State gives Aspen schools high marks
Aspen’s schools were ranked “high” and “excellent” on report cards from the Colorado Department of Education on Thursday.
On a scale that ranged from “excellent” to “unsatisfactory,” Aspen High School received a “high” rating, down from last year’s “excellent” rating because of some low scores on math tests, said Superintendent Tom Farrell.
Aspen Elementary and Middle schools received the same scores as last year – an “excellent” and a “high” rating, respectively.
Farrell said he and other administrators predicted the grades from the state, which are based on Colorado Student Assessment Program tests administered in the spring.
When the test scores were revealed in August, math produced the lowest score for local CSAP takers. Aspen’s ninth-graders were 7 percent above the state average, but still recorded only a 38 percent proficiency in the subject. Aspen Middle School fifth-graders recorded the best scores with a 68 percent proficiency.
During the past months, Farrell said many steps have been taken to improve math scores. Unfortunately, students take the CSAP tests in the spring, and results aren’t delivered to school districts until August.
Farrell noted that two weeks before school starts is too late to make any changes in curriculum.
“At the end of August, what can you do? You can’t implement new programs when school is about to start,” he said. “We took the last year to study the testing results and change the curriculum.”
Math coaches were added in the schools, as were three new math teachers, one for the eighth grade and two for the high school. Farrell said the schools have also upped the amount of professional development they offer for staff members in math education.
“When the kids take the test again, I believe the teachers will be better prepared for the test,” he said. “We’re better aligning our curriculum with the CSAP test, and teachers are getting excited about the new ways of teaching, so we should see some results, but we’ll have to wait a year until we see them.”
Overall, Farrell said he was pleased with the local scores and grades given from the state. He said although Aspen High School’s score dropped, students were still ranked at the higher end of the “high” scale.
“We shouldn’t be making comparisons with other schools, because once you see the scores, you try to improve. But in this region of the state, the only schools that outscored us were charter schools or private schools,” Farrell said. “I feel pretty good about it, and I think we’ll be ‘excellent’ in the high school next year. Probably all three schools will.”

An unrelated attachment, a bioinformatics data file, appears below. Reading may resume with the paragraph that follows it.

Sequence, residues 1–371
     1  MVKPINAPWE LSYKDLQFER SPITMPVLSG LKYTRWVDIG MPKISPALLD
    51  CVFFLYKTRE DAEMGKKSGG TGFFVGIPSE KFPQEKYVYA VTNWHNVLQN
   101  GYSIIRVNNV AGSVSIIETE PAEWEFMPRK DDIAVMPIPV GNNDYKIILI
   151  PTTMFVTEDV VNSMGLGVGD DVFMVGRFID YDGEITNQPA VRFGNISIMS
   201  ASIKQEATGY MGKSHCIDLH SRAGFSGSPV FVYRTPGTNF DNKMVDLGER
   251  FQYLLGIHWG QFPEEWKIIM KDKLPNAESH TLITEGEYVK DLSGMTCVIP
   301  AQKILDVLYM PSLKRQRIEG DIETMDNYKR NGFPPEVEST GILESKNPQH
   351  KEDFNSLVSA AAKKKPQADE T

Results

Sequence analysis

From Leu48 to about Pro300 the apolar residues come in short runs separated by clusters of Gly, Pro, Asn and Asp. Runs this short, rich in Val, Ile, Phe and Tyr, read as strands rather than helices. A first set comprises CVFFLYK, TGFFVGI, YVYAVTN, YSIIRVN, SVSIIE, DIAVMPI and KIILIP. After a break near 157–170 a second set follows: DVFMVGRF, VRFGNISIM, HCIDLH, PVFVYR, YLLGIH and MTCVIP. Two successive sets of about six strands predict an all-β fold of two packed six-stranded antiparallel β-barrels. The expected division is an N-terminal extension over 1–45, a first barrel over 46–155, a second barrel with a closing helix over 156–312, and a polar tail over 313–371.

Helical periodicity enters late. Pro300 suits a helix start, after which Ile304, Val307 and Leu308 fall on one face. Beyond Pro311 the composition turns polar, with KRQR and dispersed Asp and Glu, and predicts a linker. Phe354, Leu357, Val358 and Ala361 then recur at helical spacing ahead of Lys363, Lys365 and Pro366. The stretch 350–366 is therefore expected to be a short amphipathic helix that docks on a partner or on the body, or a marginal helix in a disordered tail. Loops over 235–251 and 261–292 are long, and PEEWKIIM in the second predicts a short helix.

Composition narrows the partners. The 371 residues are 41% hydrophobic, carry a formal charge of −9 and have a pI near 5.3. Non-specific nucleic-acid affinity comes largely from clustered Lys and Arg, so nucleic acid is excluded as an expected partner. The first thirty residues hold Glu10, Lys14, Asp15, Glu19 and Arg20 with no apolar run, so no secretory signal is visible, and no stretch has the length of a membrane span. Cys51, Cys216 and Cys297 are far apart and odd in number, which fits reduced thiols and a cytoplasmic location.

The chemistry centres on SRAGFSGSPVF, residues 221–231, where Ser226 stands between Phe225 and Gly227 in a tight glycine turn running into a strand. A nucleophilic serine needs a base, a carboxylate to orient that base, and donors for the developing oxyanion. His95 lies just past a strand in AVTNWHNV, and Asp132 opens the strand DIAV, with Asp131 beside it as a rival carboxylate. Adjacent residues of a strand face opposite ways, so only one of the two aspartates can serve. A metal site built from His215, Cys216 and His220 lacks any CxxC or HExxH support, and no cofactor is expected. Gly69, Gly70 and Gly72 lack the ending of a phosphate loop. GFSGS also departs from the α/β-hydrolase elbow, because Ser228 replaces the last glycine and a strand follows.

Statewide, the department of education reported 70 percent of Colorado’s schools that received “unsatisfactory” ratings in 2001 have improved and moved out of that category this year. Forty such schools that received low ratings last year were given the Governor’s Distinguished Improvement Award this year for demonstrating significant improvement.
Farrell said the tests must be used appropriately to be a worthwhile measure of ranking a school’s abilities.
“It is a good method if it’s used properly – to help us improve, and if it’s just one of many measurements used,” he said. “But if you use only that test to rank schools, it could be very bad and very dangerous.”
Farrell noted that with the CSAP tests, Aspen schools do not receive credit for their extensive outdoor and experiential education programs, which are often nationally recognized.
“We also have very few fights in our schools – some years we have none. No violence here is not taken into consideration,” he said. “People talk about how we had two kids caught doing cocaine in the high school this year, but in my 15 years with the district that’s the first time that’s happened. We should be saying ‘that’s remarkable.’
“I look at how kids do in college and in their lives after college – that’s what’s the most important measurement to me.”
Elsewhere in the valley, out of the 22 public schools in Roaring Fork Re-1 and Garfield Re-2 school districts, six improved their test scores. Three schools’ scores declined, and the rest remained stable.
“Obviously we’re very pleased,” said Glenwood Springs High School principal Mike Wells, whose school rated “high,” an improvement from last year. “Anytime we receive a positive measurement of how we’re doing, we’re delighted.
“But it’s also important to put the testing into perspective. This isn’t the only measure of a school. It’s just one.”
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